Israeli police sealed off the Jerusalem family home of a Palestinian gunman Sunday, two days after he killed seven people outside a synagogue, as fears grew of an escalation in the deadliest unrest for years in Jerusalem and the West Bank.
Prime Minister Benjamin Netanyahu announced plans to make it easier for Israelis to carry guns after the synagogue attack, the deadliest against Jews in the Jerusalem area since 2008. It came a day after the deadliest Israeli military raid for years in the West Bank city of Jenin.
On Saturday, a 13-year-old Palestinian boy shot at a group of Israeli civilians in Jerusalem, wounding two before one of them shot and wounded him. On Sunday, residents of a Palestinian village outside Ramallah in the West Bank said a group from a nearby Israeli settlement had burned one house and smashed doors and windows of another.
Netanyahu said making it easier for Israelis to get permits to carry guns would reduce violence: "We have seen, time and again ... that heroic, armed and trained civilians save lives."
Israeli authorities welded shut the doors and sealed the windows of the family home of Friday's synagogue shooter, whose grandfather, the family said, was killed by an Israeli 25 years ago.
Netanyahu's government also allowed the family house of Saturday's 13-year-old shooter to be sealed even though no one had been killed, changing a standing policy.
Further steps were announced to strengthen settlements in the occupied West Bank, and to revoke the residency rights of relatives of Palestinians who carry out attacks.
"While we will not hesitate to act against terrorism, we wish to regain calm and stability on the ground," said Defense Minister Yoav Gallant after a security assessment in the West Bank.
U.S. Secretary of State Antony Blinken is due in Jerusalem and the West Bank this week for his first visit since Netanyahu returned to power at the helm of a coalition that includes the far right. Blinken's visit looks set to be dominated by efforts to prevent the violence from spinning out of control.
A Palestinian gunman died Sunday of the wounds he received during Thursday's raid in Jenin, raising the death toll from that raid to 10, including two civilians. At least 34 Palestinian fighters and civilians have been killed this month in West Bank clashes with Israeli security forces.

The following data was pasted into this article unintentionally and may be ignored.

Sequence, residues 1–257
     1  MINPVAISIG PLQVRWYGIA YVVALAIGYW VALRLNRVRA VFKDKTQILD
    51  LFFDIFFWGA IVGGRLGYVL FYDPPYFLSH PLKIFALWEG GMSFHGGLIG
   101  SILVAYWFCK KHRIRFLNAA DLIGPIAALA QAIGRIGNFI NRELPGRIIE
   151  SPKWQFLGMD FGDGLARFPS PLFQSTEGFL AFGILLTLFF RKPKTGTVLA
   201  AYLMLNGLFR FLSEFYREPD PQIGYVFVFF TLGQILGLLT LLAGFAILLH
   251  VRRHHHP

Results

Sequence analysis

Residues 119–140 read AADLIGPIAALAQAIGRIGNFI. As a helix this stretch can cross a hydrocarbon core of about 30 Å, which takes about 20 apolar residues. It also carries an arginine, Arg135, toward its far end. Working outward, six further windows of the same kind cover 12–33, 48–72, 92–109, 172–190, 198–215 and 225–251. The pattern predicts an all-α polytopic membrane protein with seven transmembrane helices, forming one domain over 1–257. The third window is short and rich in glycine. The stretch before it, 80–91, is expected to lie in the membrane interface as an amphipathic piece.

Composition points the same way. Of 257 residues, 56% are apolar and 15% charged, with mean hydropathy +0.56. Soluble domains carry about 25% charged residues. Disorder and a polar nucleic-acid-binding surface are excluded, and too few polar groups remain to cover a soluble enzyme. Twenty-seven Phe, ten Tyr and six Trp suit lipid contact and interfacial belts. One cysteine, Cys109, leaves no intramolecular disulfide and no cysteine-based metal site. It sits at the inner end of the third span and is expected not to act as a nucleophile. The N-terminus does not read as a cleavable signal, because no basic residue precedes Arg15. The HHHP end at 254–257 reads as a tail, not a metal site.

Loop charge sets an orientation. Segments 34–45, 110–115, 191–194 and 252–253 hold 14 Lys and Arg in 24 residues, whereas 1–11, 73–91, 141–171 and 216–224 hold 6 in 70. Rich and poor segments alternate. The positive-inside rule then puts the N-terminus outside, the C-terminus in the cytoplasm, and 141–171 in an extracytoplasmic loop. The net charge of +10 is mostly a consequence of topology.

Last year was the deadliest in more than a decade for West Bank Palestinian civilians and militants, with violence steadily escalating following a spate of lethal Palestinian attacks in Israel.
The rise in violence, together with investor jitters over the government's plans to change the judicial system, sent stocks in Tel Aviv falling Sunday, analysts said.
Friday's synagogue shooting presents a challenge to Netanyahu, who returned to power in December at the head of the most right-wing government in Israeli history, promising to make Israelis safer after Palestinian street attacks last year.
Sworn in a month ago, Netanyahu's government has prioritized settlement-building on lands the Palestinians seek for a state, though it has not yet taken major steps on the ground. Most world powers consider as illegal Israel's settlements in the West Bank and East Jerusalem, land it captured in the 1967 war.
Awad Abu Samra, whose brother's house in the village of Turmus Ayya was damaged Sunday, said Israeli settlers were now attacking local farmers "almost every week or so."
"They attack anything that belongs to the Palestinians,” Samra said.
The Israeli military said Saturday it was sending additional troops into the West Bank, although there was no sign Israel was preparing for a large-scale military operation.
Palestinian President Mahmoud Abbas has not commented on Friday's attack and Saturday blamed Israel for the violence. Police said the gunman, who was shot dead by officers as he tried to flee the scene, had apparently acted alone.